This blog is about Graphic Design, Vector Art, and Cartoon Illustration

December 6, 2018

How and why to support people that you like on the web

In the last few years, if you've seen something like "please subscribe" or "give me a thumbs up" on a blog or a video on YouTube, you've seen a creator struggling to keep providing content, relying on advertising. And if you've ever thought, "Wow, I really like the stuff this person is creating, and would like to see more of it", you may have wondered what benefit clicking "subscribe" or "like" does. And it does help, but only a tiny bit.

This is how it works: someone, like me, creates something like a blog, or a how-to video and they hope that it will attract hundreds of thousands of views. If they have it on a platform that monetizes, like Google, they get a percentage of the money that Google makes on the ads. In fact, it's a relationship that Google encourages, because they themselves don't create content, they rely on creators. So someone puts in hours of work, throws it out there, and hopes to attract a gigantic audience. And the audience really does have to be gigantic, because the percentage that the creators get is tiny. To be fair to Google, at least they share a bit, Facebook gives zero to creators.

I've been curious about this for a long time, and am now starting to see other ways that creators can be funded. And I'm not talking about making them rich, I'm talking about giving them more than just pennies a month, which is what most creators get from their share of advertising revenue. It started with something that I've been on since its invention, called Patreon. Nowadays there's Drip, too. Yes, that's what they call it. And they're both the same - creators create, not for advertising, but for what people who like their stuff like. And the amounts per month may sound tiny, like a dollar a month, but believe me it beats the pennies that Google Adsense pays. Or the zero that Facebook pays.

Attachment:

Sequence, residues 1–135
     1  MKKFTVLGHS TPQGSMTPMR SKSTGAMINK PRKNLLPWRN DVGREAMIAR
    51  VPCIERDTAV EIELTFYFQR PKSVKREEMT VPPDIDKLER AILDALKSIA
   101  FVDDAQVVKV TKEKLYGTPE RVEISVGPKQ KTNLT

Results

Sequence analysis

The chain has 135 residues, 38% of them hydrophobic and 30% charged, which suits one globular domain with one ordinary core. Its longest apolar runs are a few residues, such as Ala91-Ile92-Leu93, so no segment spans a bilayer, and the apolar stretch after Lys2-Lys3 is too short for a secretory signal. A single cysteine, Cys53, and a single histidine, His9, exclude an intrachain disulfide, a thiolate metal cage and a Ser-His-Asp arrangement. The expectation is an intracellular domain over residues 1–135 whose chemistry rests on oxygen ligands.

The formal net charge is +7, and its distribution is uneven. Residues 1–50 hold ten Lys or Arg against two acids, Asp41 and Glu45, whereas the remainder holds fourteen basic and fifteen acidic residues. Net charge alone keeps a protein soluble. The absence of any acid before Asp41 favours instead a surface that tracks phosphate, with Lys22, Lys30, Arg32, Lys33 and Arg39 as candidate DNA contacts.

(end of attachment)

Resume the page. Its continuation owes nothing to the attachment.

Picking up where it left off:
There are creators out there that I like, and I'm happy to give them a dollar or two a month. My favorite, Dr. Jo, who creates physical therapy videos, got on Patreon a little while ago and I was happy to see her there. I've been watching her stuff for years, and I'd like to think that there are a lot of people like me who would be happy to support her efforts, giving her a few dollars a month. It adds up much quicker than advertising revenue.

Speaking for myself, I've gone "advertising free" on my history adventuring. As of this writing, I only have 28 people who help support me on Patreon, but they're 28 people who make a difference. I know all of their names, they're not faceless numbers divided by thousands that advertising revenue requires. And I'll never attract hundreds of thousands of subscribers, what I do isn't popular enough. And I have no interest in creating the kind of content that attracts popularity, I'd much rather please the people who care about what I do.

I'm curious to see the direction that all of this will go. There's just so much garbage on the internet, so many "click bait" links, so many pages designed to optimize the number of times you have to click through them to get more and more ads on them, that it's just tiring. And of course that kind of stuff will never go away, as there will always be a market for it. But if there's someone out there that you like creating stuff, check to see if they're on Patreon, or Drip. Then give them a dollar or two a month. You will make a difference.

My Patreon page is here

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